5. I second the moreion of Aperture plugin. I tryed using the custom book sizes in Aperture to create Blurb sizes, but the export into PDF is giving me troubles and not passing the flight test. I would LOVE an Aperture plug in, I would make many, many more books… 🙂

    • Smogranch says:

      OKay, I’ll pass that along. I’m going to explore InDesign and start to use that to make the majority of my books, magazine, etc. I have Aperture but don’t have a great understanding of it.

  6. Eric Jeschke says:

    Just watched your video on the new papers. That’s exactly the kind of info I was looking for. It does indeed sound exciting. Hope we are still talking reasonable pricing…

  7. Eric Jeschke says:

    I don’t get the excitement over Blurb mobile though–maybe I’m old school, but I don’t like working creative stuff on such a tiny screen. Gimme a laptop any day…

    • Smogranch says:

      Ah, I think you might want to look at it in a different light. The mobile app is simply about quick, short and easy. The app is about sharing and building an audience. I wouldn’t put stock into making art with it, but I would use it to build an audience for whatever project you are working on. There are many uses for it, and I see it as being a very powerful tool depending on your needs.

  8. Daniel,

    I have a “test” Blurb book on the new “Proline uncoated” paper, and was convinced they had used the “pearl” paper in error — it seems quite like a textured, lustre-finish RC photo-paper to me, with quite a sheen, whereas I was expecting more the feel of a good-quality book paper (like the “premium matte” paper, only more so, if you know what I mean). As you’ve been closely involved with the new developments, I’d be very interested in your take on the new paper. Thanks.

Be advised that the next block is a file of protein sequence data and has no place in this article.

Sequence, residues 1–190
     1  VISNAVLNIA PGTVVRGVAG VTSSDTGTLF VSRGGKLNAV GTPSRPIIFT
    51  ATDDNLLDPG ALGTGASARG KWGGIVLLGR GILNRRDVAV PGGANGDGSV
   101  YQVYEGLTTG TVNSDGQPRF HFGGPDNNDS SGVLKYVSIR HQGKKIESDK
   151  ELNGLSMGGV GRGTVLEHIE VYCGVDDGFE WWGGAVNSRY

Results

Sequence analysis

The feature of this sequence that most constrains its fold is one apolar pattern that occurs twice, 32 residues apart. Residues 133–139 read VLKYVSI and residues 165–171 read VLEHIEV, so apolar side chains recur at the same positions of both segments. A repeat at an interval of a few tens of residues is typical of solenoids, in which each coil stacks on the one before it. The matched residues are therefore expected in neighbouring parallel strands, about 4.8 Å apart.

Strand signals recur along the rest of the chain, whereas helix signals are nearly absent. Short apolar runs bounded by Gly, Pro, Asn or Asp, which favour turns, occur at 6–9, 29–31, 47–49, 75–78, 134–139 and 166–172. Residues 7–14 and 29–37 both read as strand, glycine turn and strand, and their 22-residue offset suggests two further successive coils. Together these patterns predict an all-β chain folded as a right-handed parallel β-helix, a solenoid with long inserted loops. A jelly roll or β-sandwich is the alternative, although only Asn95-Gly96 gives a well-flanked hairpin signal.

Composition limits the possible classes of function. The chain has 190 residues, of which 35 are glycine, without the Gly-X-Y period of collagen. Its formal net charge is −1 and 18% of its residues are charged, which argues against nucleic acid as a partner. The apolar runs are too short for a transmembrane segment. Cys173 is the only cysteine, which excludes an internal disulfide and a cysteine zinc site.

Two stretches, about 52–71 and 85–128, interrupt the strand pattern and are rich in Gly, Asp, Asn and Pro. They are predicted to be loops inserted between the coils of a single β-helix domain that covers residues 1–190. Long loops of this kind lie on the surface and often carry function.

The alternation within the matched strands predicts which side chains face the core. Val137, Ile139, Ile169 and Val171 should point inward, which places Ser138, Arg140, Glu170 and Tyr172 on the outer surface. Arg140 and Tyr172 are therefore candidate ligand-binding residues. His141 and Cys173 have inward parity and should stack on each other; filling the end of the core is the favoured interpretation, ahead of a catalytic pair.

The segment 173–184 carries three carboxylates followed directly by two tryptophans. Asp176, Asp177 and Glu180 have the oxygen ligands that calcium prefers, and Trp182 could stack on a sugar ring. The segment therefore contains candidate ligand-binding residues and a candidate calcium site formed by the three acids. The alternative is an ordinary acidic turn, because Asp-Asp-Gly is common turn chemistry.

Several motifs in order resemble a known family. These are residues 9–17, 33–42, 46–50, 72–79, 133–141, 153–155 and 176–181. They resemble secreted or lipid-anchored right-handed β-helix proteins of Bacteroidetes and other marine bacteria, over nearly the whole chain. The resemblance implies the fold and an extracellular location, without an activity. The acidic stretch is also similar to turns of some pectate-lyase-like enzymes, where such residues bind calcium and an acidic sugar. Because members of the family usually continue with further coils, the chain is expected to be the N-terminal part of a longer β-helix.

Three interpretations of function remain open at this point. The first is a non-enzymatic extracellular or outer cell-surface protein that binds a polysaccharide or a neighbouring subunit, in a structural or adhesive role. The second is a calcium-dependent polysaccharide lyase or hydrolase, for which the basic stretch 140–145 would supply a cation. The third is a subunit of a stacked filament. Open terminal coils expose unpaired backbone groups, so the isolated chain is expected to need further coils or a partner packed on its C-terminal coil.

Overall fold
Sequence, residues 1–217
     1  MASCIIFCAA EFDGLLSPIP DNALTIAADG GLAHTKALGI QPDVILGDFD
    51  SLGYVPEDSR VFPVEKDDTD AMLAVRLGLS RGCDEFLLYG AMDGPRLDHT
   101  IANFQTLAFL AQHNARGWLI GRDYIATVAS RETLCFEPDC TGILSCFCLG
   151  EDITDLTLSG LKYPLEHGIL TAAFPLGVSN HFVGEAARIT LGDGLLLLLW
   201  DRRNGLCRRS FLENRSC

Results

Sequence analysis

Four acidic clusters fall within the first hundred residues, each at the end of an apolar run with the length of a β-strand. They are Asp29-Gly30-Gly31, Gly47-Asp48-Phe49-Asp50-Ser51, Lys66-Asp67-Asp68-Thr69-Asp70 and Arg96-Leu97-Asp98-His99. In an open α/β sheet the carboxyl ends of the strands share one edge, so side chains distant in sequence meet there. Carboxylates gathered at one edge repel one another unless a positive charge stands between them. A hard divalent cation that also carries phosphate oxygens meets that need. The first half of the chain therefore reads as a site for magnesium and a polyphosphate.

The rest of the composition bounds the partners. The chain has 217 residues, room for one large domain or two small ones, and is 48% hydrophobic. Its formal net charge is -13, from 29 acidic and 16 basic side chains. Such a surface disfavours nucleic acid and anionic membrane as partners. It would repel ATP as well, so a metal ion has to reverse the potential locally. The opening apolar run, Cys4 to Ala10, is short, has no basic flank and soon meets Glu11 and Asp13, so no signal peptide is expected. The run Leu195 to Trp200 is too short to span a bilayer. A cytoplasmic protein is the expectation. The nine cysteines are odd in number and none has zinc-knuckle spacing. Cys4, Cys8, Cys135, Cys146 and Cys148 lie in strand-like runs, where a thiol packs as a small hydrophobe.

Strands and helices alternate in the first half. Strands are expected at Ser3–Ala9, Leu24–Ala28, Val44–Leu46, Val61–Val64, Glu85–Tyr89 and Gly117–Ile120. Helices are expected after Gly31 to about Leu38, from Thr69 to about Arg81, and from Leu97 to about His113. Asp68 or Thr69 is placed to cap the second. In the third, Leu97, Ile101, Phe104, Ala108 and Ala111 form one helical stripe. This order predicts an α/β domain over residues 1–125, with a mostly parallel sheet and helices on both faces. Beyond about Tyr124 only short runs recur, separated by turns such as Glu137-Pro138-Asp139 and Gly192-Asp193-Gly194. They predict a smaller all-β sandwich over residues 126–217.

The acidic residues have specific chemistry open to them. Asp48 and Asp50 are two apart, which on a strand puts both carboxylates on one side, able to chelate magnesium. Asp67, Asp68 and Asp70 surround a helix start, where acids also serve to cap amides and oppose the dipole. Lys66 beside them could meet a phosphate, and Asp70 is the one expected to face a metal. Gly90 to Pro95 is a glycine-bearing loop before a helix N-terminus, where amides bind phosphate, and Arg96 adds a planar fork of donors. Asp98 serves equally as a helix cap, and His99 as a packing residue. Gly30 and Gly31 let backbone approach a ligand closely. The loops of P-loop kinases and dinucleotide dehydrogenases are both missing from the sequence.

Please don’t tell me *you* think they’ve used the “pearl” paper by mistake, too — I can’t have that conversation again…


    • Smogranch says:

      The uncoated paper does not feel or look like it has a sheen to me. It’s like uncoated inkjet paper but with very little tooth. The Pearl paper, to me, looks and feels like a heavier version of something like Lustre photo inkjet paper.
      The best thing to do with new paper and is to do a default size book, drag in a RANGE of work, color, black and white, etc, and then get a book made on BOTH papers so that you can have a sample book of paper to see how they look with all the different kinds of images you do.
      If I was home long enough to do this…I’d be doing it right now. I thought I would like one of these papers over the other, but after looking and feeling….not sure anymore.

    • Daniel,

      That’s exactly what I did .. Ordered two copies of my “test” book, one on each paper. They both arrived on the *same* paper, which I took to be (and still do, given your description) the “pearl” version.

      Blurb being Blurb (I love them) they sent me a free replacement on “uncoated” stock … which looked exactly the same! Gah…

      I just know that if I now order a copy on “pearl” paper, I will end up with 4 copies, all on the same paper… I guess, sometimes, nothing works!


    • Smogranch says:

      Bueno, will contact you now and we can sort out what is going on. Sorry for the trouble. Maybe you are destined for “gloss?”

  9. murray lloyd says:

    Hi Daniel,

    I just received my first Blurb book and was happy with the print quality (designed in In Design). The question I have is when will Blurb offer saddle stitching (allowing books to open flat) as an option and really allow the creation of bookstore quality books?


    • Smogranch says:


      I don’t have a time frame for you, and I have to say, the vast majority of “bookstore quality books” on my shelf are not layflat. Having said that…I’d love to see a Blurb offering. If and when they have it…I’ll let you know! Glad you enjoyed the book! I’ve got a backlog of books to make………just need the time.

    • Smogranch says:

      I just went to my shelf to double check my comment below and also realized how many of my “bookstore quality books” are totally falling apart. I actually don’t mind this, see it as part of the life of the book, but I could see people having issues.